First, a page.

BY NICOLE SEYMOURCalifornia State University, Fullerton Many of us have had that particular social media experience: we read a post railing against a behavior or taking a self-righteous stand on an issue and feel “called out.” Do I do that? Am I part of the problem? Are they talking about me?! I had this experience … More Quitting the environmental shame game.
BY TERO KARPPIAssistant professor, University of Toronto Want to #DeleteFacebook? You can try.Deleting Facebook is easier said than done. These are examples of headlines written after the news about Cambridge Analytica harvesting the data of 50 million Facebook profiles. These suggestions do not speak of getting rid of Facebook, Inc. – the company and its … More #DeleteFacebook: Users always have the option of disconnecting—right?
MICHAEL MARDERUniversity of the Basque Country (UPV/EHU), Vitoria-Gasteiz, Spain In the 1957 lectures he delivered in Freiburg under the title “Basic Principles of Thinking,” Martin Heidegger speculated that “dialectics today is, perhaps … the actuality of the world [Weltwirklichkeit]” (GA 79: 88). For all its hyperbolic thrust, one should not take his statement lightly, dismissing … More Heidegger’s thinking today is, perhaps, the possibility of the world
BY BRIAN MASSUMI It is hard not to despair. The enormity of the problems dwarf the human scale, even though it is we, humans, who have created them. We seem to have fallen under the wheels of an economic system whose signature products are inexorably increasing social inequality, periodic crises from which only the top … More Occupy Surplus-Value: Toward the Revaluation of Value
JONATHAN P. EBURNEPennsylvania State University When I was in graduate school, an acquaintance of mine introduced me to a movie called Ruggles of Red Gap. Released by Paramount in 1935, the film—a quirky comedy—features the Canadian actress Maude Eburne (no relation), who made a career playing characters named “Ma.” Ruggles of Red Gap is perhaps … More Outsider Theory, Ruggles of Red Gap, and unforgetting: On the unfinished, ongoing work of political and intellectual struggle.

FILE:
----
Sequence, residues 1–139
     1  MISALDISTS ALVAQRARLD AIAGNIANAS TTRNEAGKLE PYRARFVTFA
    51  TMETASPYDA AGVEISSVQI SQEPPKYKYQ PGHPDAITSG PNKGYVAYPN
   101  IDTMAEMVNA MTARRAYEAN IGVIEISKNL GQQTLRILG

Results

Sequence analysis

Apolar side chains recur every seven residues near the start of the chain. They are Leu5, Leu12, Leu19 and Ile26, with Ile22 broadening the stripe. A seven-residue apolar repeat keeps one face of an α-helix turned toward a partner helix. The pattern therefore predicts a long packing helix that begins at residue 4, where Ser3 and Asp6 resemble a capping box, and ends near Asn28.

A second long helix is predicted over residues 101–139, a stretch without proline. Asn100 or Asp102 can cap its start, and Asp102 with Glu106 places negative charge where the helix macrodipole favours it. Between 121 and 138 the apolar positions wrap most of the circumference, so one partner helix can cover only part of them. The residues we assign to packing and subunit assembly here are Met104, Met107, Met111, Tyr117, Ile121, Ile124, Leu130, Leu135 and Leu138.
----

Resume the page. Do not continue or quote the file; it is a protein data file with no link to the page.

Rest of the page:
David ParisiAssociate Professor of Emerging Media, College of Charleston——-Preceded by Part I.——- Historicizing Haptic Hype Also in 2018, amidst the billowing excitement over the latest wave of haptic devices and the growing anticipation for Ready Player One, I published Archaeologies of Touch: Interfacing with Haptics from Electricity to Computing, where I explicitly attempt to provide … More 2018: The Year of Haptics? (Part II of II)
David ParisiAssociate Professor of Emerging Media, College of Charleston Based on popular press accounts, 2018 has been the year when haptics technology finally hit it big: by featuring haptics tech prominently in its depiction of a fully embodied virtual reality, Steven Spielberg’s Ready Player One—an adaption of Ernst Cline’s 2011 novel of the same title—sparked … More 2018: The Year of Haptics? (Part I of II)
In May 2018, students in Prof. Lorena Muñoz’s University of Minnesota graduate seminar “GWSS 8620: Geographies of Sexualities and Race: Economies, (Im)Migrations, and Borders” read and discussed David K. Seitz’s book, A House of Prayer for All People: Contesting Citizenship in a Queer Church. Prof. Muñoz’s seminar taught first monographs to help demystify the transition from … More On constitutive contradictions, LGBT citizenship, and the church.
“Feeling lurks in that interval of time between desire and its consummation. Shorten that interval, break down all those old unnecessary barriers.” —Aldous Huxley, Brave New World *** BY MICHAEL HAWORTH In 2016 Amazon introduced a new range of products called Dash Buttons. These are pocket-sized internet-enabled interfaces consisting simply of one button mapped to … More From Amazon’s Dash Button to Google Glass: Is there no limit to the capabilities of today’s radical neurotechnologies?
BY NAOMI MORGENSTERNAssociate professor of English at the University of Toronto From a podium in Central Park West, a student activist from Marjory Stoneman Douglas High School declared: “The adults failed us and now seventeen people are dead.” During a day of nationwide actions, a coalition of youth would point to the “failure” of adults … More The Child at the Social Limit